From the perspective of students, most applications to higher education are never read by a human being. From the UCAS website to the generation of an offer letter, the process is largely an automated one predicated on predicted grades.
When the actual grades appear in August those who match are in, and to be honest those who nearly match are usually in too.
Some institutions do a bit more scrutiny on borderline cases. Clearing students can expect more scrutiny as they will, at some point, have to speak to someone at the institution they hope to study at. But the calculus of how close to full the courses with what your grades look like hugely overpowers whatever it was you put in the UCAS statement or say on the phone. Unless you are applying for a super-niche course or from a very unconventional background, no one will ever read your UCAS statement.
Adding a contextual component to this grim process is a matter of using the demographic data on your form (where you live and where you went to school as a proxy for deprivation) to put the thumb on the A level scales a little. It doesn’t quite humanise admissions, but it attempts to address one key criticism – that where you went to school or how much your family earn has a huge impact on what grades you get. This morning’s HEPI report notes the excellent work of Vikki Boliver and her team at Durham – just one percent of young people on free school meals achieve AAA or better, compared to twenty per cent of all other state pupils.
The average prospective student knows little of the reality of admissions, so we can hardly be surprised when most don’t know if their university makes lower offers to disadvantaged students, and a sizable majority think they do. Both answers are correct – institutions probably do make lower offers (via clearing, or just as an early attempt to hit student number targets with a low or unconditional offer) to disadvantaged students, but they may not “know” this (in the strict sense of including it as a factor in their decision-making) at the time.
Context in context
The best contextual offer is an unconditional one. A decision is made on the first seventeen-and-a-bit years of a prospective student’s life and the stressful six months before they start (including those A level results that correlate so closely with deprivation) is disregarded.
However, policy-makers have taken a variety of idiotic stands on this issue so we have to go to the next best option – making lower offers to people we feel deserve them. The fairest way to do this is to interview people in order to properly get to know them, their lives, their ambitions. But this flagrant display of academic judgement would be expensive and potentially invite litigation.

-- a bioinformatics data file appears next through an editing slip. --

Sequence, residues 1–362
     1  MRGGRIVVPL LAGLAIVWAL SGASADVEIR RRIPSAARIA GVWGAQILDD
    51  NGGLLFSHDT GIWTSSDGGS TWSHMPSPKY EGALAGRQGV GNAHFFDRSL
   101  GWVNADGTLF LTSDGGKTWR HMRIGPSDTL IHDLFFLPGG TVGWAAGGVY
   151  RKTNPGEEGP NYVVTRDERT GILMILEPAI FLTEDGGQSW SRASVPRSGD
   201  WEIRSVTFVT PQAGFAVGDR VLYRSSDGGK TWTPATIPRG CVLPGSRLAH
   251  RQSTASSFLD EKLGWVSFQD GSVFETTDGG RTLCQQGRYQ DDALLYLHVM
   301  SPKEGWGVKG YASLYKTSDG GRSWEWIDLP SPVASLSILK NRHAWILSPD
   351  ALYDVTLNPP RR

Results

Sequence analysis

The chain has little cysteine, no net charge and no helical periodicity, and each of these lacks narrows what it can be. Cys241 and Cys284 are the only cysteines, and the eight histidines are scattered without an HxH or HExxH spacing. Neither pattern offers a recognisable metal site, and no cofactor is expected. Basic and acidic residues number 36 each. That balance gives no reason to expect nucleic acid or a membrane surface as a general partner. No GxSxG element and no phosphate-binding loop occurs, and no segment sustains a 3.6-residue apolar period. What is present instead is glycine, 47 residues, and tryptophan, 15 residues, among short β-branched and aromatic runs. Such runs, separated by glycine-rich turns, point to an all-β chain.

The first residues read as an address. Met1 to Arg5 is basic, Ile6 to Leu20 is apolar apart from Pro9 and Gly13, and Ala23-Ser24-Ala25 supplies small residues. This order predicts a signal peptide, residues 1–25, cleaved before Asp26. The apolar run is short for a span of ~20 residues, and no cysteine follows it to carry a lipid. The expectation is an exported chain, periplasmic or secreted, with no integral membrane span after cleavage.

Like every other major problem in HE, we instead apply large amounts of data. If we know where someone lives, what school they went to, and whether they identify as disabled we can approximate the effects of these characteristics on A level results, and then simply take this into account on calculating a reduced tariff on the standard offer.
Students agree (72%) that applications should take into account student backgrounds, but the survey sample is deeply split (47% to 45%) on whether this should mean a lower offer. This is a nuanced response and should be analysed as such. Students feel overwhelmingly that context should be a factor in offer making, but don’t think necessarily think that a straight tariff reduction is a way to do this.
Perhaps students feel that the wider sweep of their personal qualities and life course is what lands them a place. Or what should land them a place. There’s certainly little concern that students without the requisite grades are not intellectually capable of study – at least not among the students actually on the course (54% of the sample agree).
“Required” grades are a status symbol, and like many other status symbols they are closely correlated with advantage and background – for both institutions and applicants. Many subjects pay little heed to A level results – practical arts subjects are more closely focused on a portfolio of work, and medicine has made huge steps towards admitting rounded students with interests beyond their compulsory-level studies.
For prospective students who require additional support gain specific skills required for study, integrated foundation years have done much to allow access to intensive courses for students for disadvantaged backgrounds. Again, the mainstream of policy opinion has recently turned against this idea – Augar memorably recommends against the funding of these programmes, for cost reasons.